It was an abrupt and tragic end for someone who had suddenly endeared himself to Detroit and the rest of the baseball world seemingly out of nowhere.

“The entire Detroit Tigers organization was saddened to learn of the passing of former player Mark Fidrych today,” the team said in a statement Monday evening. “Mark was beloved by Tigers fans, and he was a special person with a unique personality. The Tigers send our heartfelt condolences to his family and friends.”

Fidrych was the last player to make the Tigers roster in 1976, a wiry 21-year-old right-hander tucked away on the back of the roster. He made two brief relief appearances in Detroit’s first 23 games that season before the Tigers placed him in the rotation. He pitched a two-hitter against the Indians in his first start, and the rest was history.

Fidrych won seven straight games during a 9-1 start that landed him on the American League All-Star team. Among his feats were back-to-back 11-inning complete games in his third and fourth Major League starts, an 11-inning shutout of the Oakland A’s coming out of the All-Star break in July, and six consecutive complete games in August of that year.

Not only did Fidrych win 19 games that year, his 2.34 ERA and 24 complete games led the Major Leagues. Just as incredible as his performance, however, was his persona. A 6-foot-3 New England farm kid with bushy blond hair seeming trying to escape from his cap, his genuine personality and unforgettable mound demeanor — including talking to himself as well as the baseball on occasion, while also pacing around the mound — quickly landed him on sports pages and nationally televised games.

Just as sudden as his rise to fame, however, was his struggle to repeat it. He suffered torn knee cartilage during Spring Training in 1977, costing him more than a month. He returned seemingly the same pitcher, racking up six straight complete-game victories in June, before his arm essentially gave out in a July game.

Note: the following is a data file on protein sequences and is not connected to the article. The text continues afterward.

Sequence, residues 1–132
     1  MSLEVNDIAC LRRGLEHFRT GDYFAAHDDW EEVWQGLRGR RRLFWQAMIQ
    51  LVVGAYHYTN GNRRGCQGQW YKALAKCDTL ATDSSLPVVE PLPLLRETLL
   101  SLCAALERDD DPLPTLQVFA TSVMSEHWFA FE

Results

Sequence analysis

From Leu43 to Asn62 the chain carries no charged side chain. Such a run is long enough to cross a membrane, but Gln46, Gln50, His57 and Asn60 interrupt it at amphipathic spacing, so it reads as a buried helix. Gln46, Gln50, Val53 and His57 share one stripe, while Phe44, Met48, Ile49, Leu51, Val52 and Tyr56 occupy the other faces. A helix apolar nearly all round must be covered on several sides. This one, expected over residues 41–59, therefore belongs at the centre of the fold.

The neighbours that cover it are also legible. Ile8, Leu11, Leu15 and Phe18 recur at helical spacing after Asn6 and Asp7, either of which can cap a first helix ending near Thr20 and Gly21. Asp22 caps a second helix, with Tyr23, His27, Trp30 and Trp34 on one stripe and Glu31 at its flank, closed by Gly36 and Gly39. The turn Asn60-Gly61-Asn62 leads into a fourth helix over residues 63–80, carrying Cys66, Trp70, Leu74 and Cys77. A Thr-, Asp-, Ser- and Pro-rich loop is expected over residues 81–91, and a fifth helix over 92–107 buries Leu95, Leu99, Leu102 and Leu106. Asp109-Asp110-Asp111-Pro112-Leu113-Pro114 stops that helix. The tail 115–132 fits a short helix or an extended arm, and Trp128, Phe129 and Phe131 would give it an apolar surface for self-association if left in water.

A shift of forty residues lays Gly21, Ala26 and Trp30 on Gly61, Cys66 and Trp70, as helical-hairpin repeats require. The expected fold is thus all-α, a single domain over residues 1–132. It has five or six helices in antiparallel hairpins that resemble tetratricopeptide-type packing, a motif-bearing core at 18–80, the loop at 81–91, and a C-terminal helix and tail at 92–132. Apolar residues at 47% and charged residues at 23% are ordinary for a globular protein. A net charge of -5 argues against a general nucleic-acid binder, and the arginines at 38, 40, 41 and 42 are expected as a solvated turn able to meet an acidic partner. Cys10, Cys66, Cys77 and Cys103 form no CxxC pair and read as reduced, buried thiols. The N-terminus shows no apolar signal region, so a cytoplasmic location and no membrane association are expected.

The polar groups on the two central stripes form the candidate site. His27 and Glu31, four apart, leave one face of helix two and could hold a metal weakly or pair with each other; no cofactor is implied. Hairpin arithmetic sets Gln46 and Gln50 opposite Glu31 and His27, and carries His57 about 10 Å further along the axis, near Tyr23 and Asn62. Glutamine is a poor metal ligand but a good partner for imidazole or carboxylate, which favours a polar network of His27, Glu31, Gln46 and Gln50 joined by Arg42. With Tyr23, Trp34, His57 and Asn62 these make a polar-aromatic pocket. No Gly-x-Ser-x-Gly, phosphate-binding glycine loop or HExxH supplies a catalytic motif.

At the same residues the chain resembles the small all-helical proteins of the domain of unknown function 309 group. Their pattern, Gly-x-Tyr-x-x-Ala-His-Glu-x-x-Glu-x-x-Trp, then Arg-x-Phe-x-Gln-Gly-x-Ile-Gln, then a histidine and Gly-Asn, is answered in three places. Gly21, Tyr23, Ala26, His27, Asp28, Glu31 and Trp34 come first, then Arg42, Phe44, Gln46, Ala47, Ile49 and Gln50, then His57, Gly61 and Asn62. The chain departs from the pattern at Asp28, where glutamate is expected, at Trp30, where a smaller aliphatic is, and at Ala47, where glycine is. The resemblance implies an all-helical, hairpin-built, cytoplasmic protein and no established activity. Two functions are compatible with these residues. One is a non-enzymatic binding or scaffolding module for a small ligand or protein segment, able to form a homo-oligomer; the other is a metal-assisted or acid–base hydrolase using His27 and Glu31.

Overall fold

Fidrych started just 16 more games for the Tigers from 1978-80, including his final big league appearance at age 25, before the Tigers released him in 1981. He then pitched in the Minors for the Red Sox until 1983. He officially retired before the age of 30 and went back to his farm.

Fidrych remained a beloved figure in Detroit, and became a more visible part of the organization in recent years. He often visited the Tigers when the schedule brought them to Boston, and he took part in several Tigers fantasy camps. Instead of lamenting his sudden fall, he remained an upbeat, positive person, true to the traits that made him so popular during his incredible season.

“He reminds me of that line of [poet] Rudyard Kipling: ‘He could meet triumph and disaster and treat them the same way,'” Hall of Fame broadcaster Ernie Harwell said.

Fidrych is survived by his wife, Ann, and daughter Jessica.

both stories from mlb.com